Hawaii is slated to begin construction on an elevated train in Honolulu this spring, resolving a 40-year battle to build the mass transit system. The train, which would stretch from Honolulu to Waikiki, a span of 20 miles, would be 40 feet in the air and travel across a variety of areas, from farmland to commercial districts to beaches.

The elevated train will be suspended 40 feet in the air and have a 30-foot wide span with 21 stations. It is designed to alleviate some of the congestion on the roads from an increase of commuters and tourists, while encouraging new growth.

The islands' need for the elevated train has much to do with their recent growth, where population surpassed 930,000. Some people feel that the train isn't going to cut it. Cliff Slater, a leader of the opposition to the project, told the New York Times that We are not all grass huts anymore. There's this illusion as to what Hawaii is all about, and New York-style trains don't cut it.

Toru Hamayasu, the interim director of the Honolulu Authority for Rapid Transit echoed that statement, telling the Times This is not a sleepy, lazy, little city anymore. It's a big town now.

Some opponents of the elevated train cite financial reasons,  claiming that the train isn't worth the cost of building it. It is really a lunatic project. There is no other way to describe it, Panos Prevedouros told the Times. Prevedouros is a professor of civil engineering at the University of Hawaii and past candidate for mayor of Honolulu. It's twice as expensive - for only 20 miles of track - as the Washington Metro, he said.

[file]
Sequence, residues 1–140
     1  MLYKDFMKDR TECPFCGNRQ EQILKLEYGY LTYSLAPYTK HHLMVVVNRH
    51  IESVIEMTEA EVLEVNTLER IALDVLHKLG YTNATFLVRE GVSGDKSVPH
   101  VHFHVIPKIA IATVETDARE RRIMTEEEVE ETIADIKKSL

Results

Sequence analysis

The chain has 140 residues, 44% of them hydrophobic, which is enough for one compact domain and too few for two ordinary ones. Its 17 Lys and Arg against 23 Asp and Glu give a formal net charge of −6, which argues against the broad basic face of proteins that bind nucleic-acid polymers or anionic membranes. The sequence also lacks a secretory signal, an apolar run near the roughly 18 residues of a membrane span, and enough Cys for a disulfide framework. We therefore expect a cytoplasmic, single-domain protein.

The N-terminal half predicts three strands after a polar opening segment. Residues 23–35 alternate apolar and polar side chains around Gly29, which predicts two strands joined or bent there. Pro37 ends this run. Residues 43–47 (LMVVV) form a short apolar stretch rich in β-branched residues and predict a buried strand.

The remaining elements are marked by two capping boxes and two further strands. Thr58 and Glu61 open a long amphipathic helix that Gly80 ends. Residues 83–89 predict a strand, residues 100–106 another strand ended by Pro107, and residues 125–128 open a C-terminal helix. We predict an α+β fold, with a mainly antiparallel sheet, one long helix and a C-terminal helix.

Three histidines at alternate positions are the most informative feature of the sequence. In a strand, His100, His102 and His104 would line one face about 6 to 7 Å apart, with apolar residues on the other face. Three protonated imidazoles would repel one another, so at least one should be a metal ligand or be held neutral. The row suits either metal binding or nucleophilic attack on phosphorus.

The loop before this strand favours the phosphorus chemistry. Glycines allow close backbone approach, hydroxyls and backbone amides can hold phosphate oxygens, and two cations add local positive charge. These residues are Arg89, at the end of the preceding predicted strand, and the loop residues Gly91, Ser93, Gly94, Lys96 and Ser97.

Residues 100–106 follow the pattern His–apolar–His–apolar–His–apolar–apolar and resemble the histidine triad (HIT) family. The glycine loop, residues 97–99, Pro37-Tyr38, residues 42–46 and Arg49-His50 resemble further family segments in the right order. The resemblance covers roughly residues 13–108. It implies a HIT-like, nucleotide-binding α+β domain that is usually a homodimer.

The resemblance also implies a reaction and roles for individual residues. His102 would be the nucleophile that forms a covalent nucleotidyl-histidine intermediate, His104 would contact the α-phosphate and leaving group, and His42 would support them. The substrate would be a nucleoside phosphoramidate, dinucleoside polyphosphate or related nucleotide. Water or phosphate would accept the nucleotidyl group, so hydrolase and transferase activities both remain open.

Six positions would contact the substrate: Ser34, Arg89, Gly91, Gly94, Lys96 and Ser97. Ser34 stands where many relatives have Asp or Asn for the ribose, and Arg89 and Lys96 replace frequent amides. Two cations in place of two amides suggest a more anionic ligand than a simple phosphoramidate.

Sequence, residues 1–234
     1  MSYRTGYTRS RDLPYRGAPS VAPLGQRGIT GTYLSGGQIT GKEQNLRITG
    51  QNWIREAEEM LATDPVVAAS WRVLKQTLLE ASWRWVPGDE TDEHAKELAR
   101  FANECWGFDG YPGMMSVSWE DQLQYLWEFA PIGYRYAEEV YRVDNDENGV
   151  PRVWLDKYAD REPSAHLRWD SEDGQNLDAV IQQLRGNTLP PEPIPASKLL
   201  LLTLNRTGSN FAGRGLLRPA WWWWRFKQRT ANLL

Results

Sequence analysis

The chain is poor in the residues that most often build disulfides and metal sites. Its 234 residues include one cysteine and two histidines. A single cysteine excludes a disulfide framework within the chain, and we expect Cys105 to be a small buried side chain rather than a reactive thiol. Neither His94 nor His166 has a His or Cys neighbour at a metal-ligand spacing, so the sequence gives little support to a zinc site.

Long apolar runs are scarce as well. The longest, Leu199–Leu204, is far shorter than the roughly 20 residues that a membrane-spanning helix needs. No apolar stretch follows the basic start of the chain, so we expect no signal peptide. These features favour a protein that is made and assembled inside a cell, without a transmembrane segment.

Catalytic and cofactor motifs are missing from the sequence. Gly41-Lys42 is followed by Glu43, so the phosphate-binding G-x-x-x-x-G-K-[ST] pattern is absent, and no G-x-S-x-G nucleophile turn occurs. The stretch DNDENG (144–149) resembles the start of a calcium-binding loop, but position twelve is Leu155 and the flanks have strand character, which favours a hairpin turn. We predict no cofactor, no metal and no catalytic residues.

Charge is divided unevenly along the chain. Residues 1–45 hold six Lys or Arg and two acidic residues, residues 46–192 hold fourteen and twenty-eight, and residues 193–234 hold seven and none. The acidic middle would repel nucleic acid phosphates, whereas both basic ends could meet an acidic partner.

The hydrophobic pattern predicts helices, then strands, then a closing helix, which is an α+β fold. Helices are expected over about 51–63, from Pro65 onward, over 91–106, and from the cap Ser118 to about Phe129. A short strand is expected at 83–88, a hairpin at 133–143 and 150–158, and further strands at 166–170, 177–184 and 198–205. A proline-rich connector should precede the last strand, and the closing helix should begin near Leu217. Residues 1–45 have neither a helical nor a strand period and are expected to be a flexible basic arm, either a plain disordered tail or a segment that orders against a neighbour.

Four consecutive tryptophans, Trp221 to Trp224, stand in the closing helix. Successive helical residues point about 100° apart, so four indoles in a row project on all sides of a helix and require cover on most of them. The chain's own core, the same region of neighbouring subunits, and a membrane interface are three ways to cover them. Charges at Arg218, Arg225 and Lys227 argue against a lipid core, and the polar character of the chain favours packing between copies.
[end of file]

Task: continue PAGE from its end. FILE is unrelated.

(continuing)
However, despite opposition, Hawaiians believe the elevated train is going to happen. Peter Carlisle, the mayor of Honolulu, told the Times, It's our genuine belief that there is sufficient momentum for this to carry itself forward on its own, absent some adverse ruling by the court. There isn't any doubt that this is something a majority of people in Oahu want. The number of people who are opposed to it are slowly withering away as people realize that first, we have to do something to get people employed, and second, traffic is unbearable.

In addition, Carlisle said that people complaining about aesthetics have to remember that not everyone finds the same things attractive. In terms of aesthetics, I can't think of anything less attractive than staring at a car in front of you and seeing nothing but its brake lights, of being stuck hours on end. If you are looking at the rail, you won't have to look at traffic at all. You'll be able to sit down and work.